Stuart Hall: the newspapers and the victims speak out on the BBC’s pet pervert
HOW do the newspapers report on Stuart Hall, the TV and radion presenter who sexually abused 13 children – the youngest was nine?
What the BBC new?
Linda McDougall, a producer at BBC Manchester in the late Sixties and Seventies, says Hall put his hands “all over you and all over anyone female who came in”. She claims Hall had his own room at the BBC where he entertained “lady friends”. She says “everyone knew” about his “amazing set up”. Women were “not coming in for cups of tea”.
Alan Collins, a solicitor who is representing Jimmy Savile child abuse victims, said:
“The BBC has questions to answer, I would be concerned that this turning a blind eye is part of a pattern. These people are given a veneer of respectability that gives them the ability to get away with things.”
Someone sent a letter to the paper’s Yasmin Alibhai-Brown. It claims to be from one of Stuart Hall’s victims.
I write to tell you that Stuart Hall is another television presenter who you can investigate. I speak from personal experience; he groomed and then sexually exploited me when I was a young teenager in the 1970s.
As he did it to me so I would imagine that he did it to others.
Stuart was a presenter on Look North, a local BBC news programme. He was invited by the head of my school to come and present the prizes one year, and presented to me, among others. He exchanged a few words with me on the stage, at a microphone. I took my prize and left the hall. A while later a message came from the head teacher; would I go back to the hall, as Stuart had asked to see me. He had told the head that he was impressed by me and wondered if I would have permission to visit the local BBC studios; he thought that a girl like me could have a future in television journalism. My head teacher was naïve enough to agree, after consulting with my mother. I, of course, was thrilled and flattered.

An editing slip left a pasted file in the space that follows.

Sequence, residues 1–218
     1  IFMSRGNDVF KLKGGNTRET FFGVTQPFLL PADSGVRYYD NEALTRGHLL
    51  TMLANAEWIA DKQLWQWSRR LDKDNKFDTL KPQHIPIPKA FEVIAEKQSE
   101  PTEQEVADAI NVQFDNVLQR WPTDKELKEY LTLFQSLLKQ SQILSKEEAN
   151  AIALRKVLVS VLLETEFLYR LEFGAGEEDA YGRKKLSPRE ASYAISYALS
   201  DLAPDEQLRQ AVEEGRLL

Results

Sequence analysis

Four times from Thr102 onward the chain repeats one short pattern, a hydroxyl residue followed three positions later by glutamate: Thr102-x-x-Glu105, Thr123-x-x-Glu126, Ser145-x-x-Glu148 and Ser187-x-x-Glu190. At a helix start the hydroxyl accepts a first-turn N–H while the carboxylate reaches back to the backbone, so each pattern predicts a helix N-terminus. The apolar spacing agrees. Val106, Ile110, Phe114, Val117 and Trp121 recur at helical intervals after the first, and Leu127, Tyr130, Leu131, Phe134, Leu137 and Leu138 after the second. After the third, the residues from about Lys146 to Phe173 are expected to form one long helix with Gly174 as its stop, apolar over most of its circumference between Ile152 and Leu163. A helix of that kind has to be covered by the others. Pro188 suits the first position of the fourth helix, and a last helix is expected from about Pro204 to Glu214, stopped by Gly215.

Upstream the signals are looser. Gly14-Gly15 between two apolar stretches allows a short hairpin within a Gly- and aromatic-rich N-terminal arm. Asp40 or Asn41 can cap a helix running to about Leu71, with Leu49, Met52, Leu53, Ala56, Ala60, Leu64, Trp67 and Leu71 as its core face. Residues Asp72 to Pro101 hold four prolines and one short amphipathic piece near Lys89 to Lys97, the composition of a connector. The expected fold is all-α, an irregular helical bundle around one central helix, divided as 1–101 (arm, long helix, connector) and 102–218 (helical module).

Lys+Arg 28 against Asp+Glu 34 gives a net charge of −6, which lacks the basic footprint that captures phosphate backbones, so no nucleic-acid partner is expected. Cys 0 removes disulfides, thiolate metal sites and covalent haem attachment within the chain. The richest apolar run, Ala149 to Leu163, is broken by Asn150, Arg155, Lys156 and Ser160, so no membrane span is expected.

And that is how it starts. What drew him to me? Later he told me it was my voice and manner. (I was a shy, intelligent, studious, pretty girl, destined for university and a professional career.) I was young for my years and easy meat for a man like him. To have a man of my father’s age take a benevolent interest in me seemed wonderful.
Why haven’t I written about this before? For several reasons – the first of which is shame. A girl who is groomed and then sexually exploited does not consider herself raped. Stuart made me complicit in my own abuse. He seemed kind and interested in me, while sexually exploiting a girl more than 25 years younger than he. It’s a story as old as the hills; girls go back and then feel themselves to be as guilty as the man.
As old as the hills, indeed. So. Who’s abusing children now?
Why didn’t I report it years ago? I was afraid for my reputation, my family and career. Stuart was well known and popular, particularly in that sport bloke-ish milieu which is not thoughtful about sexual predation. He appeared protected by being well known and well connected. I saw what the gutter press was like, and didn’t want strangers going through my bins cross-questioning and photographing my family and friends, demonising me, traumatising my family…
Stuart told me laughingly that there were a number of middle-aged women locally who gave him filthy looks when they saw him as they knew the things he did, but they weren’t prepared (as my mother and I later weren’t) to go public with their knowledge.
That’s Stuart Hall OBE.
The Simple Facts
The simple facts in blunter terms
He’s the “Beeb’s Hall”. The Daily Star is owned by Channel 5 boss Richard Desmond. Is it all the BBC’s problem?